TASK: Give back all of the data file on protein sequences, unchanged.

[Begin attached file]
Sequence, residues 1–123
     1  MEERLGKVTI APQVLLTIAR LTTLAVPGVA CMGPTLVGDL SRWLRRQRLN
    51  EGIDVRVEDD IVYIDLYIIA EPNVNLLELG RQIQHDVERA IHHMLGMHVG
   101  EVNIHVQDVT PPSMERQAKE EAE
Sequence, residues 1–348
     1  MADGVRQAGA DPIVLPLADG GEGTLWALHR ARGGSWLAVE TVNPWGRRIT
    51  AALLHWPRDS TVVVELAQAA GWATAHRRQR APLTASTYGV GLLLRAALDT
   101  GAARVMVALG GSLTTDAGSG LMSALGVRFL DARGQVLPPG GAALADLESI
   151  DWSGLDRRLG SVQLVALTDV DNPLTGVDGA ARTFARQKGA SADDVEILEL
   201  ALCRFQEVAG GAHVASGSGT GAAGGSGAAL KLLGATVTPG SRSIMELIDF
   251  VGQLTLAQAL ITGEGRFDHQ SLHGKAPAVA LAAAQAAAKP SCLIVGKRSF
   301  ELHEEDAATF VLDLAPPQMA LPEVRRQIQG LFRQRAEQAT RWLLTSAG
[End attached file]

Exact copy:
Sequence, residues 1–123
     1  MEERLGKVTI APQVLLTIAR LTTLAVPGVA CMGPTLVGDL SRWLRRQRLN
    51  EGIDVRVEDD IVYIDLYIIA EPNVNLLELG RQIQHDVERA IHHMLGMHVG
   101  EVNIHVQDVT PPSMERQAKE EAE
Sequence, residues 1–348
     1  MADGVRQAGA DPIVLPLADG GEGTLWALHR ARGGSWLAVE TVNPWGRRIT
    51  AALLHWPRDS TVVVELAQAA GWATAHRRQR APLTASTYGV GLLLRAALDT
   101  GAARVMVALG GSLTTDAGSG LMSALGVRFL DARGQVLPPG GAALADLESI
   151  DWSGLDRRLG SVQLVALTDV DNPLTGVDGA ARTFARQKGA SADDVEILEL
   201  ALCRFQEVAG GAHVASGSGT GAAGGSGAAL KLLGATVTPG SRSIMELIDF
   251  VGQLTLAQAL ITGEGRFDHQ SLHGKAPAVA LAAAQAAAKP SCLIVGKRSF
   301  ELHEEDAATF VLDLAPPQMA LPEVRRQIQG LFRQRAEQAT RWLLTSAG